Psychology: An Introductory Study of the Structure and Function of Human Consciousness (3rd Edition Revised)
Psychologists have hitherto devoted the larger part of their energy to investigating the structure of the mind. Of late, however, there has been manifest a disposition to deal more fully with its functional and genetic phases. To determine how consciousness develops and how it operates is felt to be quite as important as the discovery of its constituent elements. This book attempts to set forth in an elementary way the generally accepted facts and principles bearing upon these adjacent fields of psychological inquiry, so far as they pertain to the mind of man.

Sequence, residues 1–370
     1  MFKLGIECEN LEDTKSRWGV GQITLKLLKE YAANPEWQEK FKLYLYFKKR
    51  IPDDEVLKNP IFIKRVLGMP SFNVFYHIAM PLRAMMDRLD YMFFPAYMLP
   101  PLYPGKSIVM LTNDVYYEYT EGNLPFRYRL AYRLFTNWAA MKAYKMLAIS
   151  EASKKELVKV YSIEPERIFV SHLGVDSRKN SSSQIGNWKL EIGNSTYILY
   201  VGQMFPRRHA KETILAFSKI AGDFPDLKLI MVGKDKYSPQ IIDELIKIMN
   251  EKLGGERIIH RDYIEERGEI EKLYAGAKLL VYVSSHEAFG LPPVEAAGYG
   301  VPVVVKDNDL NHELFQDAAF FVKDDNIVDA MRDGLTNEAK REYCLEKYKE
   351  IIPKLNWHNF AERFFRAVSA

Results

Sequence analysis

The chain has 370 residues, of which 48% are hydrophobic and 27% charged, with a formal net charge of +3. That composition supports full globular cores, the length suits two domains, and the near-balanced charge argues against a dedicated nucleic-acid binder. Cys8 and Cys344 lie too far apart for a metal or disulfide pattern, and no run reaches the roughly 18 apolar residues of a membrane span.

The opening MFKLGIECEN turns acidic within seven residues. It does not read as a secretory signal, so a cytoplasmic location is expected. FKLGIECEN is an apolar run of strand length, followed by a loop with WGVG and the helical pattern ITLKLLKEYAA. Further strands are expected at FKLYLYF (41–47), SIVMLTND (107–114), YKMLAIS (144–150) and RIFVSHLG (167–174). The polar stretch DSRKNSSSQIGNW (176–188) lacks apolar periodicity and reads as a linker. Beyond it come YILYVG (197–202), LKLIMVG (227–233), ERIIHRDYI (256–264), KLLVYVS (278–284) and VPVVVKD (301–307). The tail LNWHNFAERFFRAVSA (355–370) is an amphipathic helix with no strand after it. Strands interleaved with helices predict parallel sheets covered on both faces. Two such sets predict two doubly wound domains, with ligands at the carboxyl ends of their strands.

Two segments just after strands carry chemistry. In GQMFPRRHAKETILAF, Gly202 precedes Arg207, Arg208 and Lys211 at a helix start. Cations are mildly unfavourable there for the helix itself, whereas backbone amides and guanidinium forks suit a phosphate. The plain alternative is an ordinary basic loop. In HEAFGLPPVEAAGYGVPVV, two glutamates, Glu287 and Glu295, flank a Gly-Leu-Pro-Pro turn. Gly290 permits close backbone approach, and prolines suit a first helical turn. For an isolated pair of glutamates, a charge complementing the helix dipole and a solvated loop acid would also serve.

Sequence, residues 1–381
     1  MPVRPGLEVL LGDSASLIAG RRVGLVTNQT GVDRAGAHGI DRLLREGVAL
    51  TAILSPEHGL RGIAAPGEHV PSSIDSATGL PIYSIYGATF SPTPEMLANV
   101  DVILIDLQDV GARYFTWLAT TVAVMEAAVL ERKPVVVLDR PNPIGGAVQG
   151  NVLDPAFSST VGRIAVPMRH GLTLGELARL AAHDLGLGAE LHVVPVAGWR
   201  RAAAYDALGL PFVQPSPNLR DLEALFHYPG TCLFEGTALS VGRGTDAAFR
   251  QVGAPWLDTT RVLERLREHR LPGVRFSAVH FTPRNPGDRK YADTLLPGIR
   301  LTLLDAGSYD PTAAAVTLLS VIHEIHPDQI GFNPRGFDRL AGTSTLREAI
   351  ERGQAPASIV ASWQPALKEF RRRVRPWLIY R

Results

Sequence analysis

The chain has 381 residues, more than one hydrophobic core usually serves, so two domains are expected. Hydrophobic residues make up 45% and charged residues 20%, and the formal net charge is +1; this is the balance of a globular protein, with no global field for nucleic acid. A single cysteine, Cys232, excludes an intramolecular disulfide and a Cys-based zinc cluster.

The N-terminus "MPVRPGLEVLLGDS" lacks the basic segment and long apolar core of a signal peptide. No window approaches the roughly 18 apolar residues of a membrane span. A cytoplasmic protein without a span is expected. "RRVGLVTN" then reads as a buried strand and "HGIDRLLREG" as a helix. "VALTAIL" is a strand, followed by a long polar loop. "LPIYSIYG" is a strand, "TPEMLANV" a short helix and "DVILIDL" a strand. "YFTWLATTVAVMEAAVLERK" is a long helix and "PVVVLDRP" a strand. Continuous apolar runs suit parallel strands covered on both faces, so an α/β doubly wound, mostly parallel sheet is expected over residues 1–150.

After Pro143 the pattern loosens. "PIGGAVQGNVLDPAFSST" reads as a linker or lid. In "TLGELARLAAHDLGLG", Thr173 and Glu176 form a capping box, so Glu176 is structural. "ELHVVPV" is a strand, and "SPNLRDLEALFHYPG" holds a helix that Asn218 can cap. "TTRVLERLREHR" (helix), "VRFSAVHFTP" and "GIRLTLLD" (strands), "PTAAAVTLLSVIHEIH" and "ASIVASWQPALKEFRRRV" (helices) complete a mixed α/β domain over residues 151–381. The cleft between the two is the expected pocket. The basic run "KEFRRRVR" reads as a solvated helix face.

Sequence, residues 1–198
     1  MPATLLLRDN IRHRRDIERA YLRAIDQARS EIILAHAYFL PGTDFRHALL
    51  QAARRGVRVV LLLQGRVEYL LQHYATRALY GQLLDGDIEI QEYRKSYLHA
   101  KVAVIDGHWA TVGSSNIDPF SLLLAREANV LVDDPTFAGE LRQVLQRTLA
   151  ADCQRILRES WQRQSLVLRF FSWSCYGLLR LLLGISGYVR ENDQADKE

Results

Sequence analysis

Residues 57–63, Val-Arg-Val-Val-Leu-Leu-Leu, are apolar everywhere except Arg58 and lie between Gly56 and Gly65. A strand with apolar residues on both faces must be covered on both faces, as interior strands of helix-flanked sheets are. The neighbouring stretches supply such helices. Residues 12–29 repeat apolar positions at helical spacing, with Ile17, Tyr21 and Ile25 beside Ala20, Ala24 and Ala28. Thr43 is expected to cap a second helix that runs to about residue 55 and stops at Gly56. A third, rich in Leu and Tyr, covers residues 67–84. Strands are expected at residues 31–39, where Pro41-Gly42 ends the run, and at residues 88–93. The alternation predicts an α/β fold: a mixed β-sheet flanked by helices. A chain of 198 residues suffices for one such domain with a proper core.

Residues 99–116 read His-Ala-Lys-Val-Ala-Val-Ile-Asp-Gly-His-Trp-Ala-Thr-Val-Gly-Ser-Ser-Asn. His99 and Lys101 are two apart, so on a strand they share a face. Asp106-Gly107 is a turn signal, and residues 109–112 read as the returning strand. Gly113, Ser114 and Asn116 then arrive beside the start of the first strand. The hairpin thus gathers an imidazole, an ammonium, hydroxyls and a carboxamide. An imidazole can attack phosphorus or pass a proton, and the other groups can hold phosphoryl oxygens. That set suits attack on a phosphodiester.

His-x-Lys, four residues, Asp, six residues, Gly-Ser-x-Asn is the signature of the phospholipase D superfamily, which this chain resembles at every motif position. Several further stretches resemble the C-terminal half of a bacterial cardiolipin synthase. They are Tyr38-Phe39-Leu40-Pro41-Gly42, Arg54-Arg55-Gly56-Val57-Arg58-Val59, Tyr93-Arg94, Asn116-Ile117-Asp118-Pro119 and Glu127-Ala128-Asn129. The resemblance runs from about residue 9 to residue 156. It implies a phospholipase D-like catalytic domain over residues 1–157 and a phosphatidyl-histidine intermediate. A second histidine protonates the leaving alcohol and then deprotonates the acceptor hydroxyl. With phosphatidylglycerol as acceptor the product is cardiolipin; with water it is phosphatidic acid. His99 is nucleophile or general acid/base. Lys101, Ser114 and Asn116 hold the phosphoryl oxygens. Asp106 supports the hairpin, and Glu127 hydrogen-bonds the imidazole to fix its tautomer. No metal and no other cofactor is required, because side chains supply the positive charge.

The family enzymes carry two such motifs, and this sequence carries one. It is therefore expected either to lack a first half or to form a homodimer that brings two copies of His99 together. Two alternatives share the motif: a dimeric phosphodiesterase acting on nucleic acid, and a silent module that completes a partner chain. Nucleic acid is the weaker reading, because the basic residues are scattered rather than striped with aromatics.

Inasmuch as it is mental activity, rather than mental structure, which has immediate significance for thought and conduct, it is hoped that students of philosophy, as well as students of education, may find the book especially useful. The author has had the interests of such students constantly in mind. The differing conditions under which introductory courses in psychology are offered at various institutions render it desirable that a text-book should be adaptable to more than one set of circumstances. The present text has accordingly been arranged with the purpose of permitting considerable flexibility in the emphasis laid upon the several portions of the subject. This fact accounts for an amount of repetition and cross-reference which otherwise would have been regarded as unnecessary.